DEAR MISS MANNERS – I attended a large wedding with several hundred guests, followed by a reception at the church. Several friends had made cookies and there was coffee available.
Later, when viewing a social networking site, I saw mutual friends’ pictures, taken later in the day during a second, elaborate reception at another location.
Rationally, I realize that budgets are limited. I tried not to, but I still felt slighted.
In these days of Facebook and Twitter, it is hard (impossible?) for people to be discreet. Not just limited to weddings, I have friends who have had events for some of their friends and later had their friends who weren’t invited feel hurt, having seen photos and heard comments from those who were invited.
Is there anything that can be done to minimize hurt feelings in these situations?
GENTLE READER – It is easy to blame the Internet, but people have always talked, and sooner or later this division between first- and second-class guests would have been known. The way to avoid it is to avoid doing it.
Miss Manners does not consider budgeting an excuse. Whatever money was spent on the second reception could have been used for the first one.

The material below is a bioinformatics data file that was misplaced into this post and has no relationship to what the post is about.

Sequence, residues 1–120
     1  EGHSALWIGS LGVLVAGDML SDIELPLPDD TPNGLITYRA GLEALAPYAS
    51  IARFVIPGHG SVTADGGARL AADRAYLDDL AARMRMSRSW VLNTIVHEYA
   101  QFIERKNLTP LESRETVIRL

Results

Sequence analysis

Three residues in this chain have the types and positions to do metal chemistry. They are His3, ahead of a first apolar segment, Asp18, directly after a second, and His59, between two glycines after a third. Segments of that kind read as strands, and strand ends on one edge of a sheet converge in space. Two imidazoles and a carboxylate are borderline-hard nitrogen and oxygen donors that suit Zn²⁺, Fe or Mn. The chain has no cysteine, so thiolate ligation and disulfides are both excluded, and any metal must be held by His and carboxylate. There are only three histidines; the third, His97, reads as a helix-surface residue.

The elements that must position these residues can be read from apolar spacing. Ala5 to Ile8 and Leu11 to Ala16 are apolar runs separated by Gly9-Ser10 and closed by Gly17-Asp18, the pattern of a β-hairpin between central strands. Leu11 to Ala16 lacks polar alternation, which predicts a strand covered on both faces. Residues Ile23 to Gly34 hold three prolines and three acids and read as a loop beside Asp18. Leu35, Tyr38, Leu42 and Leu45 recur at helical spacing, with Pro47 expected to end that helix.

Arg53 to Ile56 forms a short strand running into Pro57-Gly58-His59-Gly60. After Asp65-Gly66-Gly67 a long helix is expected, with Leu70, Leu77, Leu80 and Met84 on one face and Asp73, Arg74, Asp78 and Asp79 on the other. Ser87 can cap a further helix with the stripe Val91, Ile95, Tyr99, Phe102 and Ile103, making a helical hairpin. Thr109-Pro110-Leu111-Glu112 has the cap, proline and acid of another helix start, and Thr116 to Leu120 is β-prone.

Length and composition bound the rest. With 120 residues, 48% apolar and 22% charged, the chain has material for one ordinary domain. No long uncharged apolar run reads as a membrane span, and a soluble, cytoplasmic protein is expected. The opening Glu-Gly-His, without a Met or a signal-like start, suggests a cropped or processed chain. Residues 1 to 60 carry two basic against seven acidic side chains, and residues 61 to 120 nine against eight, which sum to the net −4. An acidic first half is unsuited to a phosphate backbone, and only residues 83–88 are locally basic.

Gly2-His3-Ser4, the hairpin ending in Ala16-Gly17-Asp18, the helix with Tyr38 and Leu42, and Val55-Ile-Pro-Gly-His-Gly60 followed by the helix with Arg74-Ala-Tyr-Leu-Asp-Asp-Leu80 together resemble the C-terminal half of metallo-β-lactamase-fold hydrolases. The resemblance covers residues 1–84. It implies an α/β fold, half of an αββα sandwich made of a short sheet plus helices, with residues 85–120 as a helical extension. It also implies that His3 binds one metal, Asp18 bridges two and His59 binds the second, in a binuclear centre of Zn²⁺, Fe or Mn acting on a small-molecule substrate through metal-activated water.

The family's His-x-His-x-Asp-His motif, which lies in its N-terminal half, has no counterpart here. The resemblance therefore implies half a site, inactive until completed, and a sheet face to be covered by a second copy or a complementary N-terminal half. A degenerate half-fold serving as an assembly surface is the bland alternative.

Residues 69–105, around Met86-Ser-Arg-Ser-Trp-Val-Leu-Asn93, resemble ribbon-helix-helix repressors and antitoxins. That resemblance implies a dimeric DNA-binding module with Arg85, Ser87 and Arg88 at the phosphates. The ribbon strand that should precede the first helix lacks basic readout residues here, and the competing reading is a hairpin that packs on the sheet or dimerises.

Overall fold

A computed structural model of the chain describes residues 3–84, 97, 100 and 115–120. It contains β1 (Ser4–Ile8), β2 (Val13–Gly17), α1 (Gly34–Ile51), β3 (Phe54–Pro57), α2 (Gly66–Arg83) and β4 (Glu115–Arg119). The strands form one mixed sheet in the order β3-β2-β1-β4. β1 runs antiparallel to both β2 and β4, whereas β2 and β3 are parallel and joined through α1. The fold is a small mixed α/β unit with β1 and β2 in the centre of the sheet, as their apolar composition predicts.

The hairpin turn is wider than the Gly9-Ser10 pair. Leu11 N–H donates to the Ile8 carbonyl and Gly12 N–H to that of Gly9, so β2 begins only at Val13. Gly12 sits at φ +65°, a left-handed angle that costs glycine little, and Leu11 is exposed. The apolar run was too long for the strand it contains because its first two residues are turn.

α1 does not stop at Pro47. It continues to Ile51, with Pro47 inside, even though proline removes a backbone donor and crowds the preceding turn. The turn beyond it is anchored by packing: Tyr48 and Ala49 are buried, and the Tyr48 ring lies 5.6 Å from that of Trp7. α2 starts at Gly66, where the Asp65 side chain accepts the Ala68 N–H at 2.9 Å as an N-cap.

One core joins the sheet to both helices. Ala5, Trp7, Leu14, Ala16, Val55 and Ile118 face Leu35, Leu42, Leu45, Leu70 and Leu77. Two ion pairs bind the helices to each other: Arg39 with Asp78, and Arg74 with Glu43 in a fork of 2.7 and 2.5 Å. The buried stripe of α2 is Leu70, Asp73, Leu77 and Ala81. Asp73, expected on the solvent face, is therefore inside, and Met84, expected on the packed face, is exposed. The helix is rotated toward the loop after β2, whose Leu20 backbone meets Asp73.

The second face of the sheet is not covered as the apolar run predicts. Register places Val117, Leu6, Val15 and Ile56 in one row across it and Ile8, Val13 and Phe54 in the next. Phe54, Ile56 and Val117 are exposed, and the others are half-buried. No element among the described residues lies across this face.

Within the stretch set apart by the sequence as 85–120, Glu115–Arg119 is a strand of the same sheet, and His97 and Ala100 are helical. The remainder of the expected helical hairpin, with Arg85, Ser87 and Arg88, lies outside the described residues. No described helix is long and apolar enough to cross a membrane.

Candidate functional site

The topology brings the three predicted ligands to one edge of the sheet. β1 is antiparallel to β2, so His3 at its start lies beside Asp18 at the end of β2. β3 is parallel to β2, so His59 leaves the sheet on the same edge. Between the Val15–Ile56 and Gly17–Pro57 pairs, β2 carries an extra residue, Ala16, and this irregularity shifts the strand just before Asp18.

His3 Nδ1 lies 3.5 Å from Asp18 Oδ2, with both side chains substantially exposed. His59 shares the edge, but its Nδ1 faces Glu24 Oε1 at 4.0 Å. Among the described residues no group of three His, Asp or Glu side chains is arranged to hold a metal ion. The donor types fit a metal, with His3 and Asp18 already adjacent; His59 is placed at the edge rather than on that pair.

Weddings are different from other parties, in that they are (one hopes) once-in-each-lifetime events, at which family and friends should be included.
While those who give and attend other events are not supposed to speak of them (let alone plaster them around the world) before those who did not, we should all realize that everyone cannot be invited to everything.
DEAR MISS MANNERS – What is the correct way to stand in an elevator? It seems rude to put your back to people, but also rude to face people with your back to the wall as if you are staring at them. What is your opinion?
GENTLE READER – That facing strangers in an elevator gives them the creeps. And that if you were to wait in line facing the person behind you, rather than the counter, that person would be freaked out.
Miss Manners’ point is that although not turning your back on people is a fine rule for occasions requiring human interaction, it does not apply to every situation.
DEAR MISS MANNERS – My husband owns a professional practice. Since we are new in town, I frequently meet a lot of people who are unfamiliar with us. When I’m introduced, or if someone asks why we moved to this city, I tell them it was because we purchased the practice.
Very often, I hear “Oh! I go to Dr. So and So.” It makes me uncomfortable and leaves me grasping for a response. Should I come up with a standard line or just change the subject?
GENTLE READER – You surely did not think the town was full of people in need of medical (or dental or psychiatric, or whatever your husband practices) who were quietly suffering until your husband came to town.
So Miss Manners trusts that you had no intention of trolling for patients. Rather you should be placing your husband as a member of the professional community. This is done by saying, “Yes. Dr. So and So, we were delighted to meet him (or we’re looking forward to meeting him).”